Having fled the civil war in Mozambique with his parents when he was 2, Mohammed Yahya and his family faced daily racism and discrimination, whilst squatting in a block of abandoned flats in Lisbon. After his parents divorced, he moved to London with his father at the age of 10.
Inspired by his singer father, Mohammed channelled his thoughts, emotions and experiences through music and poetry, in particular hip-hop. As a Muslim, he encourages communities to engage with each other, to create spaces for compassion and understanding and overcome the barriers of religion, ethnicity and nationality. Yahya created the first Muslim/Jewish Hip Hop collective in the UK and is a founding member of the Peace by Piece initiative, which brings together Jewish and Muslim teenagers to discuss identity, stereotypes and religion. In 2018, Yahya was amongst 21 young leaders to be recognised at the Interfaith Awards.
Yahya’s song tackle issues of racism, migration, the wars in Iraq and Afghanistan and the refugee experience amongst other things. Through the charity Music Action International, Yahya works with school children to create empathy for the situation of refugees and encourages traumatised teenage asylum seekers to put their stories into poetry. His positive artistic activism has been featured on the BBC, Islam Channel, Channel 5 news, Channel U and Peace TV as well as being highlighted in publications such as: The Times, Hip Hop Connection, Emel, Platform magazine and New Nation newspaper.
Yahya’s music has been played across the world and he has been invited to perform in England, Scotland, Morocco, Mozambique, Norway and Sweden. He is also half of a duo called Native Sun, with a singer and artist Sarina Leah.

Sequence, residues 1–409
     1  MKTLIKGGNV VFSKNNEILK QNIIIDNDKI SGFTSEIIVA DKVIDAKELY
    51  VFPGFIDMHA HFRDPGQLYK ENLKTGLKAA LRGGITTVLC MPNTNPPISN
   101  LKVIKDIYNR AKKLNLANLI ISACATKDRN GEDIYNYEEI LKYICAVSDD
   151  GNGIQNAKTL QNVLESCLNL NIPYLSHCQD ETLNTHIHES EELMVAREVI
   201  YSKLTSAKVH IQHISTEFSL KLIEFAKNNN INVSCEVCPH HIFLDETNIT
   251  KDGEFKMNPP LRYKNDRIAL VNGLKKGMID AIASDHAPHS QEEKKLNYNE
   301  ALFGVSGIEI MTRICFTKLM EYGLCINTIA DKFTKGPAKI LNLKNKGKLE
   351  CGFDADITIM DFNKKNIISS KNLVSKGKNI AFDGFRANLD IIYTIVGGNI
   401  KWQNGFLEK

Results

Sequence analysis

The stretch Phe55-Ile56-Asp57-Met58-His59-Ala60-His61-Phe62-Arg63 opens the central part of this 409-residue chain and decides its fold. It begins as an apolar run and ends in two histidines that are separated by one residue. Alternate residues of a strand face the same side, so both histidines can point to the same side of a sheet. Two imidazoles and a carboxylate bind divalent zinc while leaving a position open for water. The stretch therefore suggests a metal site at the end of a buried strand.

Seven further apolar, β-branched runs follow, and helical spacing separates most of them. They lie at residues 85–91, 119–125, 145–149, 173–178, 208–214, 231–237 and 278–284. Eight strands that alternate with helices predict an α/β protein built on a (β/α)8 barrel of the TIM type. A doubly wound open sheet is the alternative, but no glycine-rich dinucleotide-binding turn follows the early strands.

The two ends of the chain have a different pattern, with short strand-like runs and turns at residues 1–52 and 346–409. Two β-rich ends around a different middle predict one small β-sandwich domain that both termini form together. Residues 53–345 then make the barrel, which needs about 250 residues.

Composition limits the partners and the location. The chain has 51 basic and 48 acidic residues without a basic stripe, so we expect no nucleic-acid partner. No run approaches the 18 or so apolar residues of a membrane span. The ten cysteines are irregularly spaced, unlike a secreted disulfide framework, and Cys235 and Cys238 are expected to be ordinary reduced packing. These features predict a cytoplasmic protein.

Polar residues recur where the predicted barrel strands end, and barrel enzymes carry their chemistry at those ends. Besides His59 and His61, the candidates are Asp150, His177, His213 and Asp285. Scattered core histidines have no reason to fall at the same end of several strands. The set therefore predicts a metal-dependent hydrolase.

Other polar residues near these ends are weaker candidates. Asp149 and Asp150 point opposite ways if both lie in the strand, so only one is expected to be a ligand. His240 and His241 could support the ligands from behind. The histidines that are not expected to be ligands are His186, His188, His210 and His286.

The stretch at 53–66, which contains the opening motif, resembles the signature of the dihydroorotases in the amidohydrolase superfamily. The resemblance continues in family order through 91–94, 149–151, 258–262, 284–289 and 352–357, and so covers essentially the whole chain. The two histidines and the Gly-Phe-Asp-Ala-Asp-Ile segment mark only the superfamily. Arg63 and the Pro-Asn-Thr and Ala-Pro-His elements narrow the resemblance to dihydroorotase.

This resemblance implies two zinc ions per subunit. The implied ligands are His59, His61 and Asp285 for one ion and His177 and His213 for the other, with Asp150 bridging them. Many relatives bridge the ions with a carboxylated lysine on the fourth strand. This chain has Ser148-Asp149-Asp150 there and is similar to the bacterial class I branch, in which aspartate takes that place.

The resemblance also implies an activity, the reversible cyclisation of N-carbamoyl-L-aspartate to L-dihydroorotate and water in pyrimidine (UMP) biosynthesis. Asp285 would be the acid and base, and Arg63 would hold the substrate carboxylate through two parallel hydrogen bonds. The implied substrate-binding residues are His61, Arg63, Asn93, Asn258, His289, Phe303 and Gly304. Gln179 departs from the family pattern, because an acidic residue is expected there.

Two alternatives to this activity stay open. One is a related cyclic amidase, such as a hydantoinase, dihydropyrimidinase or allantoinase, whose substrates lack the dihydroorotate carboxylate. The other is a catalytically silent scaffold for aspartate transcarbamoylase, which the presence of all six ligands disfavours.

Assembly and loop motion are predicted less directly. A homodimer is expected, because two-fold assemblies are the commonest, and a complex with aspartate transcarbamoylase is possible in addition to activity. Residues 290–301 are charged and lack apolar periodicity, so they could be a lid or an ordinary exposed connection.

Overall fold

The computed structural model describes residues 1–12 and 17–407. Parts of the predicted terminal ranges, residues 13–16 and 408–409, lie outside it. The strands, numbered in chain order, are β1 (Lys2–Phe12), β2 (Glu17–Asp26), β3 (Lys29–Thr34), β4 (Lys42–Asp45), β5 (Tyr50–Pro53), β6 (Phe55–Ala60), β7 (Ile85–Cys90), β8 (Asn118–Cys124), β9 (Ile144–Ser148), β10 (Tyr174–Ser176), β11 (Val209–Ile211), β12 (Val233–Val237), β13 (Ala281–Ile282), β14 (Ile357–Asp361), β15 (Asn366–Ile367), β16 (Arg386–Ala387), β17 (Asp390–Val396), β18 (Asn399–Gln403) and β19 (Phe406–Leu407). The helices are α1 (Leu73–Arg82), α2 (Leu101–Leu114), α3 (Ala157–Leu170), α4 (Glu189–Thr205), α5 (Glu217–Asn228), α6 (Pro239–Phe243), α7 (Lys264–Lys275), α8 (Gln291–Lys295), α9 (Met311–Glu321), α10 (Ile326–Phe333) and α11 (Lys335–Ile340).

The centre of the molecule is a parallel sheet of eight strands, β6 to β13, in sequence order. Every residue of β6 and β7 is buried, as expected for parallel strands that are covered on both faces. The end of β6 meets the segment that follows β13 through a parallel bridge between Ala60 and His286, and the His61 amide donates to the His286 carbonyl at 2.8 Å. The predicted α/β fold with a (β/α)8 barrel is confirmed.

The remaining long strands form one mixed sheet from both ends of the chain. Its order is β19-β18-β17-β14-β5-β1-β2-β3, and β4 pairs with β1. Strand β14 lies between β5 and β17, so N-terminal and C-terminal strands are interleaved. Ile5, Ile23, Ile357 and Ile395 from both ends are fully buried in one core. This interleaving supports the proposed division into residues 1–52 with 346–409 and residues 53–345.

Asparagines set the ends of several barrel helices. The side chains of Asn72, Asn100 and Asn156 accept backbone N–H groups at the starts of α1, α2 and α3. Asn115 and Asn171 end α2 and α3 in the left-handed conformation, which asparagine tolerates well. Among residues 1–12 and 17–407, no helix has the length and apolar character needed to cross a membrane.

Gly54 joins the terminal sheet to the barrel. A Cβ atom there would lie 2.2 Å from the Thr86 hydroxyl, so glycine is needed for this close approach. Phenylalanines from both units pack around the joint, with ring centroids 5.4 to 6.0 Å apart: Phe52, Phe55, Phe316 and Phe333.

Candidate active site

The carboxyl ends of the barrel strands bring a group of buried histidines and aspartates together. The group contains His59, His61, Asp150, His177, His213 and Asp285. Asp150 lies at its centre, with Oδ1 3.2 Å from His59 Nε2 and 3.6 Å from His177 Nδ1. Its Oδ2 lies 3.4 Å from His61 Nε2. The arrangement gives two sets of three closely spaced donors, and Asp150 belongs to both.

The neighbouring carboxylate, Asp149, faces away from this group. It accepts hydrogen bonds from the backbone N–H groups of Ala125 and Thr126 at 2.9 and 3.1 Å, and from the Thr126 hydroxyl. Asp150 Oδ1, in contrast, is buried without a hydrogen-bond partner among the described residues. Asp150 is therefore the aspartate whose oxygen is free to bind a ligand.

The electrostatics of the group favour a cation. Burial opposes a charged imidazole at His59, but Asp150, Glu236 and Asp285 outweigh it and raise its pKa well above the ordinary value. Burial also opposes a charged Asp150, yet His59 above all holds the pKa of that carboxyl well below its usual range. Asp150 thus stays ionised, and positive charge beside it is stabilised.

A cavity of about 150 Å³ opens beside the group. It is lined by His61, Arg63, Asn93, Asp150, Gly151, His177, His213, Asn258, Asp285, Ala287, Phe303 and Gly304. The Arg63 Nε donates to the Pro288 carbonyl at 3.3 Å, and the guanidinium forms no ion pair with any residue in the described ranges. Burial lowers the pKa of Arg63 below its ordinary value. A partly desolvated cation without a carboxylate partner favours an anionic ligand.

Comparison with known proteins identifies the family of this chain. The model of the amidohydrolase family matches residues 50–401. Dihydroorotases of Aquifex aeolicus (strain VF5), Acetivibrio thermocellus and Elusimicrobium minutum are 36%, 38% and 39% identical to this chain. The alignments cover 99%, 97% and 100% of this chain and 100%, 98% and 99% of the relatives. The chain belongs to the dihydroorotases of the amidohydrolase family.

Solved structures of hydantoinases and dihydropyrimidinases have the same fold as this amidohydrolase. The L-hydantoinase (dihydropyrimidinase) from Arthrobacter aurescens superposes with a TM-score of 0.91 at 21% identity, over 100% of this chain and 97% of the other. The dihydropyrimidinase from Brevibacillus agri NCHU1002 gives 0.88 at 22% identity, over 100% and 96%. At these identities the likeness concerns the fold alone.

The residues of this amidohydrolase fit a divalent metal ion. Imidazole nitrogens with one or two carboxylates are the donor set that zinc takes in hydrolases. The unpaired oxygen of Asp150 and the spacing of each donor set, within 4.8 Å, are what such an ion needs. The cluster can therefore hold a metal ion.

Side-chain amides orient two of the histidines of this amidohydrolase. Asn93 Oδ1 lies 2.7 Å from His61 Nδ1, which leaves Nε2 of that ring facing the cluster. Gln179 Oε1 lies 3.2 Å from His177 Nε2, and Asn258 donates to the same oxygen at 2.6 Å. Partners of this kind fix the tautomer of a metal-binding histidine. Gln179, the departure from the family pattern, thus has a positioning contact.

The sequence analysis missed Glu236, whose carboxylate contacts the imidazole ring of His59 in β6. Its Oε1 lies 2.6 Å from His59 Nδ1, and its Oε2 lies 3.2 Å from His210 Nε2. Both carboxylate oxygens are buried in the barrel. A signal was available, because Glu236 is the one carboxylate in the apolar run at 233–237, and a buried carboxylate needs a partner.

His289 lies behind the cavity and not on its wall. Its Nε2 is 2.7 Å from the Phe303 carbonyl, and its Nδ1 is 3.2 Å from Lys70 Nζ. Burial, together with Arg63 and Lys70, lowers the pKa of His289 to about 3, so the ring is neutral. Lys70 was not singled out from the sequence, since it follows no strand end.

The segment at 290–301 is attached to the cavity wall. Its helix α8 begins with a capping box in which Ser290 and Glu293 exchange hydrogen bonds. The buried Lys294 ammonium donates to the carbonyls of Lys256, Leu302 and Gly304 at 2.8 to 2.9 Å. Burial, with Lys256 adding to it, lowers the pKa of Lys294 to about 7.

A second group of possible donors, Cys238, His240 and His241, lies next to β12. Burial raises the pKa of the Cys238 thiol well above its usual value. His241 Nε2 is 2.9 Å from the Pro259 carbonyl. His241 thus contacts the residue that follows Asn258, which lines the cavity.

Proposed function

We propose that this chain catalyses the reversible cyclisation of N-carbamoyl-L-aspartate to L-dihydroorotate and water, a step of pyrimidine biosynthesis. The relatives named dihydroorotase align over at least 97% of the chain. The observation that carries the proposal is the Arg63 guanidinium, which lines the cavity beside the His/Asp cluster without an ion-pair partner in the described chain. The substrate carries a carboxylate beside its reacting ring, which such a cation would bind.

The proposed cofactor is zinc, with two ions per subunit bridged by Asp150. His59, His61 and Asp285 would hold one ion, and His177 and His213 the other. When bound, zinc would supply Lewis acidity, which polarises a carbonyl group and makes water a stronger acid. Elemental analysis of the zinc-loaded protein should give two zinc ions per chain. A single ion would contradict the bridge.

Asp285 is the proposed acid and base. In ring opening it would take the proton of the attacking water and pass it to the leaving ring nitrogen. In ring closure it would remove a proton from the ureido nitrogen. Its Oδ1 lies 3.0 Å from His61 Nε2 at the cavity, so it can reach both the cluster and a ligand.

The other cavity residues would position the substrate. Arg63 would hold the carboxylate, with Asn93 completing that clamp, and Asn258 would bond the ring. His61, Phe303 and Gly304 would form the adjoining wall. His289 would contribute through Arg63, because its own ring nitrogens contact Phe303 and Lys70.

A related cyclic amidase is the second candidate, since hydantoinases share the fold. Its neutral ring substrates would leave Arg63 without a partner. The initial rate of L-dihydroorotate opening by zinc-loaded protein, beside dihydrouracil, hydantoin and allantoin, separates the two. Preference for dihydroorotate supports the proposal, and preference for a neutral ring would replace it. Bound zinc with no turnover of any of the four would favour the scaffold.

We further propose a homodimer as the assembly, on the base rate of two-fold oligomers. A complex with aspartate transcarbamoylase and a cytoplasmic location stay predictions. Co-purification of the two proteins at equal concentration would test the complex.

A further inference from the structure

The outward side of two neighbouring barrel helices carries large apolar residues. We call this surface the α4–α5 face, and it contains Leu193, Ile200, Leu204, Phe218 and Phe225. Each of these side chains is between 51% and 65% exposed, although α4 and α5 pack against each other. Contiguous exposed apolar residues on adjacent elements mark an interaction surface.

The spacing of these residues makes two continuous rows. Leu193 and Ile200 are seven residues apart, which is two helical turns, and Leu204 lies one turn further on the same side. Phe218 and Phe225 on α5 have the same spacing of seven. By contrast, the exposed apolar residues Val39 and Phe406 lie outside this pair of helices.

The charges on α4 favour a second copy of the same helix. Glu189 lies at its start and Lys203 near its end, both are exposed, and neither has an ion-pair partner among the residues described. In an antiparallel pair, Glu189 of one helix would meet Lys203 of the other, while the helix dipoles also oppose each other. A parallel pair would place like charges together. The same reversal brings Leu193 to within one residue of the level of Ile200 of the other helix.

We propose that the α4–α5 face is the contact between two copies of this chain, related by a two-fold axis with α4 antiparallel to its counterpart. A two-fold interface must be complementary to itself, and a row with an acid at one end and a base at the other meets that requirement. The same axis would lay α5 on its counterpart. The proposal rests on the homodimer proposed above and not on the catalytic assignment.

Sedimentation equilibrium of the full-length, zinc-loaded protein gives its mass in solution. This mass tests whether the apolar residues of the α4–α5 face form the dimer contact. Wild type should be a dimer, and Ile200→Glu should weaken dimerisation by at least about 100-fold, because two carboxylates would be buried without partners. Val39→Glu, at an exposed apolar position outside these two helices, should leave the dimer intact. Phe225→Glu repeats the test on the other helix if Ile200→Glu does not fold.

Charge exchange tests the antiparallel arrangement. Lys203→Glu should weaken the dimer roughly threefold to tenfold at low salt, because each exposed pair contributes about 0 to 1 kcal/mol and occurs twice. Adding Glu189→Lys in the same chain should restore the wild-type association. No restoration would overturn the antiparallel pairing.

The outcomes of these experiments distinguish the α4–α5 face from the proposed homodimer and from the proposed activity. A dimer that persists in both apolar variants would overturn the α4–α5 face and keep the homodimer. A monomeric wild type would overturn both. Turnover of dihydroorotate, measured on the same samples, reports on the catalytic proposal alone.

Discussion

Counterpoints Arts has presented Yahya’s music at a number of Refugee Week events including at London KOKO, where Yahya and Leah performed with London based rapper Lowkey and Palestinian hip hop duo EbsilJaz.
In 2019 Yahya was commissioned to work with a Kent based artist Oliver Seager on a series of workshops with a group of young people supported by Pie Factory Music (Ramsgate) and Music for Change (Margate). The PRSF Foundation funded project, titled Music for Social Change, engaged a diverse group of young people in skill-sharing around lyric writing, music production and performance. Added to that, the group produced a 7-track EP, Feeling Lost Can’t Find It is below. The rest of the EP can be found on Counterpoints Arts website.
Yahya’s latest track and video are titled ‘Battle My Demons’, video produced in collaboration with CedarGen Production in association with Lewi London Films.
Yahya says: ‘This song was inspired by the complexities surrounding the internal battles many face daily against depression, mental health & drug addiction whilst trying to conceal it from the world and still function in society.’
The civil war in Mozambique lasted from 1977 to 1992, with an estimated one million people dying during the conflict in a country, which in 1990 had a population of 14 million. At the time, the civil war was perceived as a proxy war between the Soviet Union and the US, with one side receiving aid and support from the Soviet Union, France and the UK, whilst the other side got aid from South Africa, Kenya and covertly from the US.
The conflict caused the death of hundreds of thousands of Mozambicans due to famine and resulted in the destruction of the country’s infrastructure and forced recruitment of civilians into the army, including children.
Margaret Thatcher’s 1979 election pledge to further restrict immigration to Britain resulted in the British Nationality Act (2) of 1981. The Act sharply delineated eligibility for British citizenship, by stipulating that claimants were required to demonstrate a close connection to the UK through birth or parental lineage. While the Dublin convention in 1990 initiated the future process of free movement of European citizens, a concurrent shift steered the focus of immigration policy towards addressing the laws surrounding refugees and asylum seekers.
The fall of the Berlin wall and an increase in asylum applications through the 1990s, due to people fleeing wars, led to the toughening of distinctions between ‘refugee’, ‘asylum seeker’ and ‘economic migrant’ – categories which entailed different rights to remain, to access welfare and to work. The scaling back of the welfare system and racial riots in 80s and 90s UK ultimately impacted the support accessible to refugees and asylum seekers, as well as feeding into a racist narrative against them.